The Electronic Fund Transfer Act sets requirements for lenders and consumers that limit liability when cards are lost or stolen, or errors occur. For instance, if your card goes missing, the law limits your liability to $50 if you report it within two business days. Wait 59 days, and the limit goes up to $500. Anything longer, and you're responsible for all transactions, including penalty charges. 



The Credit Card Accountability Responsibility and Disclosure Act prevents issuers from raising your interest rate during the first year of your account. It requires them to give you 45 days' notice of any pending interest rate or APR hikes — and allows you to cancel within that period. The CARD Act also caps the late, over-the-limit, and subprime fees lenders can impose. 

How to Read and Understand Credit Cards Terms and Conditions

Knowing how to read credit card terms and conditions starts with understanding the lingo. Here are standard terms to know: 

Credit Card Fraud Protection

Credit card fraud is rising, both in frequency and dollar amount. In fact, 65% of cardholders fell prey to fraud in 2022, up 7% from the previous year. Criminals got bolder, too, with the average fraudulent charge rising 27% to $70. 

Fraud can occur when someone takes your physical card or steals the card number digitally. The law often protects you from unauthorized purchases or limits your liability. But if it goes unnoticed, fraud can leave you with hefty bills and damage your credit score. So how does consumer protection work for credit cards? 


How lenders protect against credit card fraud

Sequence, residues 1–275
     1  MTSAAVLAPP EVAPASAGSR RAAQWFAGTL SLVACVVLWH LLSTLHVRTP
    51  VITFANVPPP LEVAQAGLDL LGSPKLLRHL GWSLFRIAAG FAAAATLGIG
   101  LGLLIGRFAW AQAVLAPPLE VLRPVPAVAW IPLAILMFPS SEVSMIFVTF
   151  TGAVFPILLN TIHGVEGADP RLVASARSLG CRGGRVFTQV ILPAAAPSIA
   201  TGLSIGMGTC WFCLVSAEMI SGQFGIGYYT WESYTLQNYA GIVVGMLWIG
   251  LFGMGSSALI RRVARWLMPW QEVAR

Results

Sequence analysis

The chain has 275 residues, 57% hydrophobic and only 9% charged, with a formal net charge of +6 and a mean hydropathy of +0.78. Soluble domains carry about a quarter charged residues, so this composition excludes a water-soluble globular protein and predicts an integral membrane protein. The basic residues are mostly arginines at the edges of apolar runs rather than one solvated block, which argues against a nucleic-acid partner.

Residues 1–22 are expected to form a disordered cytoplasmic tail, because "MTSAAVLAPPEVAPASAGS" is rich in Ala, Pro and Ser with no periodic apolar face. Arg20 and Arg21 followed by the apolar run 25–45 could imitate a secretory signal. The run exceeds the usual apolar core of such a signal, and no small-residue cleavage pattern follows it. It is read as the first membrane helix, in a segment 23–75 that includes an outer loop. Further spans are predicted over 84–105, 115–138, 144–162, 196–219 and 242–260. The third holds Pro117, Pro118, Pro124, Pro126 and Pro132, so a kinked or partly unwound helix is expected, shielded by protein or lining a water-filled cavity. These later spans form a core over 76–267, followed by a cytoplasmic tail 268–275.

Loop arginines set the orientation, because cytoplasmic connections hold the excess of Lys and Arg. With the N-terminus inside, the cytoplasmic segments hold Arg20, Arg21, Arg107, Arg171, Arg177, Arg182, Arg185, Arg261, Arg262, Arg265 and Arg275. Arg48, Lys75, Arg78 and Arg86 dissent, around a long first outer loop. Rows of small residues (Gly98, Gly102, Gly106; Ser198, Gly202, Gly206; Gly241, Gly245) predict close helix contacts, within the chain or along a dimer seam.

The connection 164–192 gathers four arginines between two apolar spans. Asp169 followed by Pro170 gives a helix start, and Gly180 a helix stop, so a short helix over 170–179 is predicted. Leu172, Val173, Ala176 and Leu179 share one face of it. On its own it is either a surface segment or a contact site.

Fraud is getting more advanced, but so are the ways lenders guard against it. Here are some ways you’re protected:


What happens in cases of credit card fraud

Lenders usually alert cardholders when potential fraud is discovered. Many scams, however, originate with impostors trying to trick consumers into voluntarily disclosing card information. So if you get a fraud alert, it’s best to reach out to your credit card lender rather than respond to the message. If your lender determines fraud has occurred, they will cancel your existing card(s) and mail you the appropriate replacement. 

Most credit cards offer zero-liability policies, meaning your lender won't hold you responsible for unauthorized charges. Federal law prevents companies from holding customers liable for more than $50 in unauthorized charges.

In cases where you experience billing errors, get poor service, or acquire low-quality products, you can ask your credit card company to initiate a chargeback. A chargeback is a reversal of the charge on your card, meaning you won't have to pay the cost. However, chargebacks can be costly for merchants, so your lender may investigate the case first rather than immediately deciding in your favor. 


Keep your credit card information secure